PFAS Exchange
Connecting Communities
 
Communities across the U.S. are responding to the PFAS contamination crisis by organizing and advocating for safe drinking water. This map shows sites with known contamination and where organizations are working for stronger health and environmental protections. Plug into a group working in your community, form a new group, or connect with others facing similar challenges.

Connecting Communities > United States > Hawaii

Is there a PFAS contamination site near you? Use our interactive map to find out.

* This map focuses on sites where PFAS have been detected in the environment (groundwater, soil, and surface water), or in drinking water where the contamination is linked to a specific source and not merely the result of testing a water supply system.

Connect with Hawaii

LEGEND
PFAS Contamination Site

Information about contamination sites comes from the PFAS Contamination Site Tracker, a project of the PFAS Project Lab at the Northeastern University.

Hawaii Contamination Areas

We are not aware of any contamination sites in this state.



If you know about a contamination site in your state that is not shown on the map, fill out this form to have it added. Check back for updates about your state!

Hawaii Community Groups

We are not aware of any community groups in this state addressing PFAS issues.



​​​​​​If you are involved in a community organization working on PFAS and you don’t see your group listed, click here to have your group added to this page. 

If there are no community groups in your state, try contacting the National PFAS Contamination Coalitiona network of community groups working to address PFAS contamination across the country. You can also contact a coalition member near you to learn more and get involved.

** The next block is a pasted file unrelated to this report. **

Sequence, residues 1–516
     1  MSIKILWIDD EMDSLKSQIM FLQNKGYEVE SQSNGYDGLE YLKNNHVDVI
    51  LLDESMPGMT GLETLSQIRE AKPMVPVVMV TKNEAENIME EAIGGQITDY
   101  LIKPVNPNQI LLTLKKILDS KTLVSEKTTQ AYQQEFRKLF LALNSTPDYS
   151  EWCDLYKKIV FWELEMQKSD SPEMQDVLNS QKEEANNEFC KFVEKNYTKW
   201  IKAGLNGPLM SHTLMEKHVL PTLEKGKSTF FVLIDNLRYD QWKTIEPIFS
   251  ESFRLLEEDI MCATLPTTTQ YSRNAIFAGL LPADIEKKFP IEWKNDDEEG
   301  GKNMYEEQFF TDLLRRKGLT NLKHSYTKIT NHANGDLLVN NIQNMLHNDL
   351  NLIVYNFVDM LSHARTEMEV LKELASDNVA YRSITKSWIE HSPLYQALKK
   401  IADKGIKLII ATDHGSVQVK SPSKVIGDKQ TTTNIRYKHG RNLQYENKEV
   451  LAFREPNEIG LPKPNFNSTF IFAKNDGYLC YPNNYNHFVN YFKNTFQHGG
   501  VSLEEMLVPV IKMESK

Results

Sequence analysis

Hawaii PFAS Exposure and Health Studies

We are not aware of any health or exposure studies in this state.



Some states have conducted their own blood testing to understand people's exposure to PFAS in areas with contaminated drinking water. In the fall of 2019, the Centers for Disease Control and Prevention (CDC) and the Agency for Toxic Substances and Disease Registry launched a national health study on PFAS involving multiple communities across the country.

Do you know about a health study in your state that is not listed here? Fill out this form to have it added!

Wondering if a health study is right for your community? Boston University’s Department of Environmental Health has a guide for making informed decisions.

Hawaii Agency Websites

  1. Hawaii Department of Land and Natural Resources

  2. Hawaii State Department of Health








What should you do if you happen to live or work near a PFAS contamination site?

  • Ask your local water supplier if they have tested the drinking water for PFAS and how they have reported (or failed to report) the results to the public.
  • If you have a private well, get your water tested. See our drinking water fact sheet to learn how.
  • Being close to a contamination site does not necessarily mean your drinking water is also contaminated. If you have questions or concerns, contact your state environmental or health department. Also see our list of resources for more information.

Information about contamination sites comes from the PFAS Contamination Site Tracker, a project of the PFAS Project Lab at Northeastern University. The tracker records qualitative and quantitative data from each known site of PFAS contamination, including a timeline of discovery, sources, levels, health impacts, and community and government responses. All data presented in the map were extracted from government websites, news articles, or publicly available documents, and are cited in the tracker.

If you know about a contamination site that is not shown on the map, fill out this form to have it added. Check back for updates!

The Environmental Working Group also maintains a map of PFAS contamination in the US. This map includes additional locations where PFAS were found in drinking water but the point source of contamination is unknown.
Silent Spring Institute Northeastern University--Social Science Environmental Health Research Institute Michigan State University Toxics Action Center Massachusetts Breast Cancer Coalition Testing for PEASE